Since 2008, any employer would be lying if they didn’t admit that it’s an hirer’s market. Any HR pro knows, if you’re hiring, there’s a sea of qualified candidates out there ready to fill any given position. While an improving economy is music to nearly everyone’s ears, there may be some unseen consequences for employers. All of those underpaid, under-appreciated employees that have been put on the back burner and mistreated, may finally have the opportunity to quit. If rewards and recognition, and company culture, are priorities for your business, then this shouldn’t be an issue. If you’ve perhaps grown a bit advantageous in the last few years however, you may want to rethink your position, or you’ll be in for a negative surprise.
Many employers have grown confident that employees won’t leave, not because of what they’re offering them, but because of the lack of work elsewhere. As the job market improves, so will opportunities for employees. Employees aren’t likely to forget all of the extra hours worked, lack of pay raises, and lack of any appreciation at all from their employers.
“Most companies are probably not fully prepared for all the … pent up turnover that is likely to come when the job market really turns around,” said business professor at the University of Memphis, David G. Allen.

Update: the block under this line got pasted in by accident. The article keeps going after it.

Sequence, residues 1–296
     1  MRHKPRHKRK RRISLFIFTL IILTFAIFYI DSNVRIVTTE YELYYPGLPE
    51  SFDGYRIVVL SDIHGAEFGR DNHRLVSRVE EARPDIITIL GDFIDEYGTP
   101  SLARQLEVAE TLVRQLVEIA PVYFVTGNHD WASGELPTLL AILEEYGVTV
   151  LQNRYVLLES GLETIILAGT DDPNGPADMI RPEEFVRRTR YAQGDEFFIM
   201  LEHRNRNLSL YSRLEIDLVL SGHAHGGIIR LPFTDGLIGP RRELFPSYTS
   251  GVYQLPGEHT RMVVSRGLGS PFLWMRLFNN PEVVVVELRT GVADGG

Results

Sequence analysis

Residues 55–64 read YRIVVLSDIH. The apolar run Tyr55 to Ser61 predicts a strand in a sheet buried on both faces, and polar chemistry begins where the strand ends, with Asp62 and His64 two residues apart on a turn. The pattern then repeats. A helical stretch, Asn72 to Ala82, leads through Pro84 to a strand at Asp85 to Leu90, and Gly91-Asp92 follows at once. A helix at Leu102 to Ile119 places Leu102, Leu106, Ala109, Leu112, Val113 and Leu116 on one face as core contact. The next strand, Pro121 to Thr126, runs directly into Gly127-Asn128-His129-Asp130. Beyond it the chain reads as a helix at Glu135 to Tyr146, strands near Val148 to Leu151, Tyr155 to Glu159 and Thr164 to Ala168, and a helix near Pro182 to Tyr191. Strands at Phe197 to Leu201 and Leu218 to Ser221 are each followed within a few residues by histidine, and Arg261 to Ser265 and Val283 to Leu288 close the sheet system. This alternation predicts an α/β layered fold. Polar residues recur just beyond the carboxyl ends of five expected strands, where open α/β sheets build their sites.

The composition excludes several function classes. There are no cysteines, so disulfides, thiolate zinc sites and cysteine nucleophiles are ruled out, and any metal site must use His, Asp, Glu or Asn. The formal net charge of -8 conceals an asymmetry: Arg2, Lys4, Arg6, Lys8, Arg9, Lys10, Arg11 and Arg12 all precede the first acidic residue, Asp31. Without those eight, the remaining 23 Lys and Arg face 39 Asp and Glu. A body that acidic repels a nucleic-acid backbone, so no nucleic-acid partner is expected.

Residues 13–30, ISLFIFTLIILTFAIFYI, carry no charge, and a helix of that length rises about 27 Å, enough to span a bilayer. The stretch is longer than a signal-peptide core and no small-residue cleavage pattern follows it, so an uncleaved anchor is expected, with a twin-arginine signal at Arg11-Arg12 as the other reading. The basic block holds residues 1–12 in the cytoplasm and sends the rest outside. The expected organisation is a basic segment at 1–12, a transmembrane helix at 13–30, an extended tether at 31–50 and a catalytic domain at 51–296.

Allen is in a unique position to comment on this topic, because he has studied retention, and employee turnover quite thoroughly. Many employers struggle with finding qualified talented, but don’t focus on attracting and retaining it. Qualified employees are always going to be able to find work elsewhere, regardless of the economy. So instead of focusing on recruiting, perhaps employers should focus on making their company one employees want to work at.
“People are saying that they can’t find the right talent, and yet when they do, they don’t take such good care of it,” said senior vice president of AMA Enterprise, an offshoot of the American Management Association, Sandi Edwards. AMA Enterprise helps companies improve their employees.
Any employer out there who thinks that they can get away with treating employees poorly because of the economy, is going to be in for a rude awakening. Rewarding and recognizing hard work, and fostering a positive workplace culture, are not only ways to make your workers more happy, healthy, and productive, they help improve retention as well. So HR pros, maybe the economy has lulled you and your associates into a false sense of security, thinking that the power is all in your hands, and your employees will be forced to put up with less than ideal working conditions. If that’s the case, the don’t be surprised if as soon as the economy becomes strong again, you get a wave of two week notices. No matter how you look at it, high turnover is not good for business.